Details

The Journal of Mental Health Training, Education and Practice, vol. ahead-of-print no. ahead-of-print
Type: Research Article
ISSN: 1755-6228

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Article
Publication date: 19 August 2021

Faiqa Naz, Kanwar Hamza Shuja, Muhammad Aqeel, Saima Ehsan, Atqa Noor, Dua Butt, Hajra Gul, Ushba Rafaqat, Amna Khan and Shafaq Gulzamir

There is an ever-increasing number of patients suffering from various forms of acute and chronic pain and getting treatment for such ailments is a basic human right. Opioid

Abstract

Purpose

There is an ever-increasing number of patients suffering from various forms of acute and chronic pain and getting treatment for such ailments is a basic human right. Opioid analgesics remain one way of managing and attending to such patients. However, due to the prevalence of opiophobia, many doctors avoid prescribing opioid-based medicines, even at the cost of patients suffering leading to a hindrance in providing optimal health care. Up till now, there has been no reliable and valid instrument to measure the severity of opiophobia in doctors. For this reason, the purpose of this study is to represent the construction of a precise and reliable instrument for measuring opiophobia along with its validation for doctors in Pakistan.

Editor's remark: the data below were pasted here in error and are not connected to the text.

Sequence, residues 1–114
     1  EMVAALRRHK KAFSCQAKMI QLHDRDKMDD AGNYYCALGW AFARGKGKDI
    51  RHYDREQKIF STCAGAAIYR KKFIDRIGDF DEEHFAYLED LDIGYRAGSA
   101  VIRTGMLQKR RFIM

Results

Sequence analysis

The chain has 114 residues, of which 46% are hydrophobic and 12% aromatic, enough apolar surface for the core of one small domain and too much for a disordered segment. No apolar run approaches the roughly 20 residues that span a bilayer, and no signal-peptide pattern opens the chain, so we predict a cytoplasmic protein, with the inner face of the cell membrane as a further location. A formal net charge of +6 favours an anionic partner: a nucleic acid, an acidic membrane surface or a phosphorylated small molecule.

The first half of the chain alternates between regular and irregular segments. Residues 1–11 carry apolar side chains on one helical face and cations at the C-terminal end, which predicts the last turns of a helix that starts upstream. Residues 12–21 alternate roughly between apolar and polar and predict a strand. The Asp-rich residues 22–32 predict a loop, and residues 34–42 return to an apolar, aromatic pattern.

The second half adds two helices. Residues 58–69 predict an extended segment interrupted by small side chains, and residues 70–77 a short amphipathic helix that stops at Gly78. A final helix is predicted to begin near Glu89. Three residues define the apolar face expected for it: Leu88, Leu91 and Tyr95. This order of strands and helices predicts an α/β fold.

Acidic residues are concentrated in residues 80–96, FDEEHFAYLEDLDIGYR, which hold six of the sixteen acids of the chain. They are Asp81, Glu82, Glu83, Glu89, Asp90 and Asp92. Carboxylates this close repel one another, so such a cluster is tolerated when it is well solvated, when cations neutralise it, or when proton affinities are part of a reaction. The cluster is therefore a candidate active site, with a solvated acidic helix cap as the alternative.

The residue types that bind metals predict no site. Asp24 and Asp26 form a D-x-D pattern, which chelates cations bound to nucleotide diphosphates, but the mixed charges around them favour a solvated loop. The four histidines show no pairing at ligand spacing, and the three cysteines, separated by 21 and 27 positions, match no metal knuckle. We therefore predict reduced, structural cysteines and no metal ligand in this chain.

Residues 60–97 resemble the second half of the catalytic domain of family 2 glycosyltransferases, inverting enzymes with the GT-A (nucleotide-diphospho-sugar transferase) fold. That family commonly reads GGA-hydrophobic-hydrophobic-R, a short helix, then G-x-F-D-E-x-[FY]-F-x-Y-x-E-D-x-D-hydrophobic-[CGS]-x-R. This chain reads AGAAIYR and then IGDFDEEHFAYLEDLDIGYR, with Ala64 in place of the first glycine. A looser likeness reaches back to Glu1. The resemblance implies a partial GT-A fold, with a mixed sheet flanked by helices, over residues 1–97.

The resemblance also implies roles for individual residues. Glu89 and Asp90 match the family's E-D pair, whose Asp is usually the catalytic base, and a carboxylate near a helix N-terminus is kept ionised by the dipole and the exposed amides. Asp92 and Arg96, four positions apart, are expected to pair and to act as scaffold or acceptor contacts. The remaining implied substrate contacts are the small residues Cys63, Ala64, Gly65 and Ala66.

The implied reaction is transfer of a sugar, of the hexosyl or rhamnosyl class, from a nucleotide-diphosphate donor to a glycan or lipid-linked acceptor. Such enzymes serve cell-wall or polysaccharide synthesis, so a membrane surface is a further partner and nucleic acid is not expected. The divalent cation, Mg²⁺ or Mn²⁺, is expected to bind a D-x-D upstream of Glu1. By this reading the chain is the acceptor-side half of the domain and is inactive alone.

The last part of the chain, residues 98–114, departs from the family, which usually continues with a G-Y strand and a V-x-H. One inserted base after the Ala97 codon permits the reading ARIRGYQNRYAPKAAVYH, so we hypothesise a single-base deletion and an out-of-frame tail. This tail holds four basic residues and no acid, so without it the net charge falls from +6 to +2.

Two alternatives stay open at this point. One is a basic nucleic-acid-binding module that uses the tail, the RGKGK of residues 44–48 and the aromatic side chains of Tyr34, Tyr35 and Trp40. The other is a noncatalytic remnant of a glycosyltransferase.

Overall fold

Design/methodology/approach